Gary Husband: There were these three Yorkshiremen...

Ian Patterson By

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When somebody plays, I want to hear and sense the musician's life in what they do--what they've been through, what they reach for. I want to hear a bit about their inner complexities as a person.
Gary HusbandGary Husband has long cemented his reputation as one of fusion's premier drummers—hell, even Billy Cobham thought two was better than one and hired him as a second drummer. Husband's flexibility has seen him drum in the NDR Big Band, with jazz-funk outfit Level 42, and in a trio format with guitarist Robin Trower and bassist Jack Bruce.

Since the early '90s he has built an impressive discography as a leader which underlines his status as a composer of note. Two solo-piano albums, bold and personal interpretations of the music of guitarists and fellow Yorkshiremen, Allan Holdsworth and John McLaughlin, are a reminder of Husband's equally impressive skills as a classically trained pianist—one with a unique vision.

Husband has collaborated with Holdsworth for nigh on thirty years, and has in recent times recorded and toured with McLaughlin; the inspiration drawn from these two giants of modern jazz-fusion guitar, both of whom speak of Husband with mutual reverence, has pushed Husband to make some pretty stunning musical statements of his own. Husband's story to date is, in a way, a tale of three Yorkshiremen.

Hotwired sees Husband at the head of a vibrant, pulsing acoustic quartet which recalls the best of Tony Williams' combos. It also reveals another side of Husband's drumming which has the snap and crackle of Elvin Jones no less.

Chapter Index

  1. Big Bands
  2. Hotwired
  3. The Musicians And The Songs
  4. On Drums
  5. Influences
  6. Three Yorkshiremen
  7. On Composing And Allan Holdsworth
  8. On Piano
  9. Other Projects And Collaborations
  10. Coming Soon

Big Bands

All About Jazz: You're in Germany with [composer] Colin Towns and the NDR Big band. What's the program of music you're playing?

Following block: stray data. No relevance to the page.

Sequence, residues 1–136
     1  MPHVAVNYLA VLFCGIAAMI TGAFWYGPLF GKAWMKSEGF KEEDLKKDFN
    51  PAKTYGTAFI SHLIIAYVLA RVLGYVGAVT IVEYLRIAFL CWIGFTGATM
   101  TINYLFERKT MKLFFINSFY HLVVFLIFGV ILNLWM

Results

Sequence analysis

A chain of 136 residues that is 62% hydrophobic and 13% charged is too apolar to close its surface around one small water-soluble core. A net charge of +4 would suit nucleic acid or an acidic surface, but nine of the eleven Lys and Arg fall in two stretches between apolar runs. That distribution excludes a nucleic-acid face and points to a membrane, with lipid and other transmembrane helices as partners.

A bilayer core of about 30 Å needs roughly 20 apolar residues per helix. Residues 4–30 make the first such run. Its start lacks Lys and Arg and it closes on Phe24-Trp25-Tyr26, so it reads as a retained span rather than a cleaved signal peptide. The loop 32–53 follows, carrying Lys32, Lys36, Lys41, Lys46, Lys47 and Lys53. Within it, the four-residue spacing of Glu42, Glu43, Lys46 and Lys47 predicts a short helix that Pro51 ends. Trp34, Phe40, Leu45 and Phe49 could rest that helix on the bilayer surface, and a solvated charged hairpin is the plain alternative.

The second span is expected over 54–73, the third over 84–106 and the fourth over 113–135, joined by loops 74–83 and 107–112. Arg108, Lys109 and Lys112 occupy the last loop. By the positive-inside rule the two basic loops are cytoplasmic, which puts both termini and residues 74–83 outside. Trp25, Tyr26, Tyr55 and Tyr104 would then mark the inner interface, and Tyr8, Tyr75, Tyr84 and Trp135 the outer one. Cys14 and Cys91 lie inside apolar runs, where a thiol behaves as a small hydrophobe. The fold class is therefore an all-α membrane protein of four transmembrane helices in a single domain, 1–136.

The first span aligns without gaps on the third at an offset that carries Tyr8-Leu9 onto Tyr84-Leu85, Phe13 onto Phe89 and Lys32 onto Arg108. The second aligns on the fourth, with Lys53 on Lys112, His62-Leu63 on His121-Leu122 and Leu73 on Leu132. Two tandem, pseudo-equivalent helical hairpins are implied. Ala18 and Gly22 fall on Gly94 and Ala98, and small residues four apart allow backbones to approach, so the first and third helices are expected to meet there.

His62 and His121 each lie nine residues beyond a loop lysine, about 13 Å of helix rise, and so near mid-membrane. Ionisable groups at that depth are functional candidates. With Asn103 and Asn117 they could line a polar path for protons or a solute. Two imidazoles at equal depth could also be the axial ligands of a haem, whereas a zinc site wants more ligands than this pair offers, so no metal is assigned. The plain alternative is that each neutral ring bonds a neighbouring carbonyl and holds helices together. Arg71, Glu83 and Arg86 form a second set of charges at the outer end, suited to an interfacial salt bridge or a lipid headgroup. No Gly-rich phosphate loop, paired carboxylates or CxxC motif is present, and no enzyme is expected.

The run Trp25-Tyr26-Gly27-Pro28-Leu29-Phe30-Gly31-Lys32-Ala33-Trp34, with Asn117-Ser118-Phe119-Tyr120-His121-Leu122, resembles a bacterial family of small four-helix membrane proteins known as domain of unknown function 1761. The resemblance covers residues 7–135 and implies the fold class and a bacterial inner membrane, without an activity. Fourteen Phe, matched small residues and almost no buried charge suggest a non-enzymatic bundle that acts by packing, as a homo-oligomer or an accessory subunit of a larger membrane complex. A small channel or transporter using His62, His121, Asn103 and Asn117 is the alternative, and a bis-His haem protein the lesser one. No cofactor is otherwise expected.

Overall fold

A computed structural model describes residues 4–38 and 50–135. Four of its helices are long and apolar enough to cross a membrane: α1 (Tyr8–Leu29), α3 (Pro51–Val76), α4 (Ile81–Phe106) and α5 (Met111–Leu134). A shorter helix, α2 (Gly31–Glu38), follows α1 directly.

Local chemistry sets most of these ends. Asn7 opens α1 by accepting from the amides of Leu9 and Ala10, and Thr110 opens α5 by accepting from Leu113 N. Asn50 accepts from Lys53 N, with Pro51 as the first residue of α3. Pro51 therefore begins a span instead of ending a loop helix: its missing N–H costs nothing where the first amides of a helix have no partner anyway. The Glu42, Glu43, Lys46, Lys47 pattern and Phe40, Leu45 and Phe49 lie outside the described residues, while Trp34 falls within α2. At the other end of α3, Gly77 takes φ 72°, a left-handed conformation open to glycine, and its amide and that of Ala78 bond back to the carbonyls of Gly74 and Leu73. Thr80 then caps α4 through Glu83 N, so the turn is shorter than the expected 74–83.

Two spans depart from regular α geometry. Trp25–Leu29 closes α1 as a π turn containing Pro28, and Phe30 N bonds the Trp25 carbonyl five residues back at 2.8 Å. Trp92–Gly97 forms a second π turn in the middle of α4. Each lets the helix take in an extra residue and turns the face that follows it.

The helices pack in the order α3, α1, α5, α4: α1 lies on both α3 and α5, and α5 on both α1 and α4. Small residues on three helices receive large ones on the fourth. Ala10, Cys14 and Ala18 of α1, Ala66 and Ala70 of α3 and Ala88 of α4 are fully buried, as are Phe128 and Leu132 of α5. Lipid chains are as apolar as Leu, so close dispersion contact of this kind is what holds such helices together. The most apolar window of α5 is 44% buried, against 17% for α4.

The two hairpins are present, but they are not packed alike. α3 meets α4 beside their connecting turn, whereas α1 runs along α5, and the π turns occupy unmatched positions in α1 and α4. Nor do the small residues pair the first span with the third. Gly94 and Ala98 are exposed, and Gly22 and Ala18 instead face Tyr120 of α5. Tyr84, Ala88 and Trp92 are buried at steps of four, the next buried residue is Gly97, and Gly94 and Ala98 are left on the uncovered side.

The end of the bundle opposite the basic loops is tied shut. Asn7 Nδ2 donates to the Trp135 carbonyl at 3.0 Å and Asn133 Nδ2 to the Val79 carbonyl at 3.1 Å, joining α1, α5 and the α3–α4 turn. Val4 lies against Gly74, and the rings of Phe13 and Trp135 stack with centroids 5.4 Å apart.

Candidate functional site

Gary Husband: It's a suite of music that Colin Towns wrote some time ago, some of which I played on a recording, and it's always nice working for composers—there's quite a lot of reach in Colin's music. It's a pleasure, it's very creative, and of course this band is one of the greatest big bands in the world.

AAJ: You're very familiar with the NDR Big Band and Colin Towns, aren't you?

GH: Yeah, I come over a lot for lots of different programs, writers from Europe and America. Last year also we were on tour with the singer Al Jarreau and that was a very nice tour. It's always very varied when I go there—abstract sometimes, other times more traditional. And I never know what is going to be placed in front of me in the way of charts or style or anything beforehand.

AAJ: Your professional career, I guess, began in a big band, in the [trumpeter/band leader] Syd Lawrence Orchestra when you were a teenager. What did you learn from that experience, from playing in a big band at the age of sixteen?

GH: On a couple of different levels really. In England they used to have national service and you had to do your three years, and in a way this was a kind of equivalent of that—and not just the music and the performance of a particular kind of music, but also in life too. There was no band bus, so I had to arrange who I was going to meet at a particular point to take me where I would end up sleeping and who I would connect with the following day to get to another place—to have to get all that together at sixteen when your head is full of the Mahavishnu Orchestra was something. But it was a really great experience and grounding, really. I can really recommend it! (laughs)

AAJ: Your head was full of Mahavishnu Orchestra, but the Syd Lawrence Orchestra was Glenn Miller and Count Basie. Is that right?

GH: It was the whole gamut of big band material from the '30s to around the '70s, really—fundamentally the music of Glenn Miller, who Syd rose to fame highlighting, but also the Dorsey brothers' bands, Harry James, Benny Goodman, Woody Herman, Basie, plus a lot of Sinatra hits and things.